Another factor in Henry Ford leaving the aviation industry was that by 1933, the world was in the throes of the Great Depression and Ford Motor Company needed to focus on its core enterprise, building and selling cars. Speaking of which, in the early 1930s, Henry was sort of preoccupied with the development of the flathead Ford V8 engine, and meanwhile Edsel was getting on with his part of the invention of automotive styling, supervising what would become an all-time classic, the 1932 Ford. Trimotor production ended in 1933 after just fewer than 200 were built after eight years of production. It would be another eight years before Ford Motor Company would produce an airplane again, though by the time Ford Motor Company was finished with production of that particular plane, at a rate of one plane per hour, Ford could build 200 B-24 Liberators in less than two weeks at the Willow Run plant.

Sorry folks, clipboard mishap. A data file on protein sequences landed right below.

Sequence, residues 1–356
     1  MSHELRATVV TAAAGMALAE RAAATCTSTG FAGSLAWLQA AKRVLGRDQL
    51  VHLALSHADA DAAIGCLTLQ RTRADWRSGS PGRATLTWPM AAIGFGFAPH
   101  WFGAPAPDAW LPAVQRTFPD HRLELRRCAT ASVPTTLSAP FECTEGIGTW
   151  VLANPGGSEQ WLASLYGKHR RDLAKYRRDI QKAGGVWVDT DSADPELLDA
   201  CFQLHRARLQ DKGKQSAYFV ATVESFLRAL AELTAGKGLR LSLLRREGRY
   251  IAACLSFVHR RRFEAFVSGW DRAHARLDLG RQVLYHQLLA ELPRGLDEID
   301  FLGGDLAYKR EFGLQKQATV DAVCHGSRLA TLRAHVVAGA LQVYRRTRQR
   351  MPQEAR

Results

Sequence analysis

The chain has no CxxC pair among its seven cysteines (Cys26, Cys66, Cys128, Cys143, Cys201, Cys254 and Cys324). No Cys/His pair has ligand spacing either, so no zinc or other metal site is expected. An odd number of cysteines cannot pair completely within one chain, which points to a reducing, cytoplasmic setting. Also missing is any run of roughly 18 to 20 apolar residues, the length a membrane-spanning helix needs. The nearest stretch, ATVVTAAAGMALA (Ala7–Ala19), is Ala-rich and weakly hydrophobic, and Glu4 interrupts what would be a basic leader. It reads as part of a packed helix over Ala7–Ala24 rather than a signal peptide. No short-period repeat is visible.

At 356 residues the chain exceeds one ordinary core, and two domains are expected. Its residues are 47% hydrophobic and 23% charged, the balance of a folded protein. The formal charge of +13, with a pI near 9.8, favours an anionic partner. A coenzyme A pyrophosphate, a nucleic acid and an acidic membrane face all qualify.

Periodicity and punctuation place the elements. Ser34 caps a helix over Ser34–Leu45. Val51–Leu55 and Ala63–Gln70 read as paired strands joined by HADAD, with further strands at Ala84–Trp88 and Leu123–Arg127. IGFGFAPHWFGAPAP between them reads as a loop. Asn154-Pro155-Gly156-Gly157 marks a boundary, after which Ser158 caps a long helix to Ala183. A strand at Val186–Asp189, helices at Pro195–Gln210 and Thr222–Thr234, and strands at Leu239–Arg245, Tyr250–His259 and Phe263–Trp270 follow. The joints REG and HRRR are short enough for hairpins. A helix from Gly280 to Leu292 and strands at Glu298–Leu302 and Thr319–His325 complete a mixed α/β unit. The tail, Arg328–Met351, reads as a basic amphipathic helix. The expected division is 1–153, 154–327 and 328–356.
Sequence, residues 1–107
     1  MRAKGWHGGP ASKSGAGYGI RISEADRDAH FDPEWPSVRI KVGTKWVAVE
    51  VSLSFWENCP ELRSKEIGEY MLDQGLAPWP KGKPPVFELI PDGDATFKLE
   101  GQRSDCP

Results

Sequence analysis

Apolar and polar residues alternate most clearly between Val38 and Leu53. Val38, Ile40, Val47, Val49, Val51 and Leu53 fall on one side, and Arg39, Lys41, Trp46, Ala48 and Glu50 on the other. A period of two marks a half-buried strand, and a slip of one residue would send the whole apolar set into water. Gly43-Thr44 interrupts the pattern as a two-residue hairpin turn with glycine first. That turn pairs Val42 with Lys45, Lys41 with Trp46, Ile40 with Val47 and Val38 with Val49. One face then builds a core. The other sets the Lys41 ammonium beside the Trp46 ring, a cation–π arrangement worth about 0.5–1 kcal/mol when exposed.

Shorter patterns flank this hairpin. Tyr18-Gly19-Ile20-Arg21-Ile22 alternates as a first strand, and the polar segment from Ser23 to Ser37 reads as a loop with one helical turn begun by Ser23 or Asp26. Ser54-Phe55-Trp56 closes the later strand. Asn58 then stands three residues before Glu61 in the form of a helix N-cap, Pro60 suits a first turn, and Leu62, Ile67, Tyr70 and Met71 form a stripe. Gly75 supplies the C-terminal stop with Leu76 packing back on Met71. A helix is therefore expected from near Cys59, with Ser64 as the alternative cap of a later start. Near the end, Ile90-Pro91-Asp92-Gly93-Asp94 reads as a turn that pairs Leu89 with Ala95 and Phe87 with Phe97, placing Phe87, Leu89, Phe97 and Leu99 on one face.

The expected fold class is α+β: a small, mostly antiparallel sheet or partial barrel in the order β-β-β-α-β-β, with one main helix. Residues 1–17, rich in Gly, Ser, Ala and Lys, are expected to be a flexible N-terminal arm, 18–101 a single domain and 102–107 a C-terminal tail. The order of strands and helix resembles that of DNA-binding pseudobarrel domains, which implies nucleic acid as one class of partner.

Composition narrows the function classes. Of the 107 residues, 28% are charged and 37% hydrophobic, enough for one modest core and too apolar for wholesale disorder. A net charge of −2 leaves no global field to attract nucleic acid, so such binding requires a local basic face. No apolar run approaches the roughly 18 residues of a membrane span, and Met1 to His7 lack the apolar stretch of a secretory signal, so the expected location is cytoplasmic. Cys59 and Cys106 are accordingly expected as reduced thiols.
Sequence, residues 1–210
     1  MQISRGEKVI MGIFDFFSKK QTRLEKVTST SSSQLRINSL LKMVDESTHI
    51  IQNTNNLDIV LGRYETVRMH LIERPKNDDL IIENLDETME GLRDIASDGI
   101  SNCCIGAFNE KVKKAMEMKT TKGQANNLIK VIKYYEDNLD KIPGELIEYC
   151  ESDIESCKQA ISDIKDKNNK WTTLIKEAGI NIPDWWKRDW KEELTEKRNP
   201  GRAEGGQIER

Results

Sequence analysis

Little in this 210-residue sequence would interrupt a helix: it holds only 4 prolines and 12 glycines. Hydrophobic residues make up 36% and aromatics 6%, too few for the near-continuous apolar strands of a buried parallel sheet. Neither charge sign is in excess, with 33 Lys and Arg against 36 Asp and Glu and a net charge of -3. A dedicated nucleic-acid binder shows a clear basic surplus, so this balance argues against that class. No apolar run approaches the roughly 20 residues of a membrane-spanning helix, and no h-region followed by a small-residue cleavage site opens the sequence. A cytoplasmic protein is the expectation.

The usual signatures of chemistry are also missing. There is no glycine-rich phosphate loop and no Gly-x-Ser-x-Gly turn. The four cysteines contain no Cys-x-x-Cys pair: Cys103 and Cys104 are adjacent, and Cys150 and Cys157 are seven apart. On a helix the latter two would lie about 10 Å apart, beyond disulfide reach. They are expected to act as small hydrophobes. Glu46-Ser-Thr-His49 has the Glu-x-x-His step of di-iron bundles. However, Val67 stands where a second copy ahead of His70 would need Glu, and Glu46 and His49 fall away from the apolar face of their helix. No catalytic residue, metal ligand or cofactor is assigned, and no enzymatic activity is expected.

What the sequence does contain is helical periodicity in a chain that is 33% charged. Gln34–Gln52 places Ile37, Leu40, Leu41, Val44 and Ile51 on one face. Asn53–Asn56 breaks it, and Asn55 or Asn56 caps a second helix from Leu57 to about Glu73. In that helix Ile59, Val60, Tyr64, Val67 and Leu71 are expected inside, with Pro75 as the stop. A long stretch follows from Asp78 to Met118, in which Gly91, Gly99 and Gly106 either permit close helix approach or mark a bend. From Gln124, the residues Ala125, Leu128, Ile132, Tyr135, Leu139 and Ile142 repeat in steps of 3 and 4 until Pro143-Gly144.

That’s a Douglas DC-3 in the background. Full gallery here.

As the Douglas planes supplanted the Trimotors for passenger service, the Trimotors were sold off to smaller airlines and cargo firms, some of them staying in service until the 1960s. During World War Two, Trimotors were converted for military use. Of the 199 Trimotors built, 18 of them still exist. A small number of Trimotors are even in service to this day, 80 year old airplanes that are still airworthy and providing excursion flights to vintage flight enthusiasts ( here, here and here). Stout and his team indeed built a reliable and durable aircraft.

Full gallery here.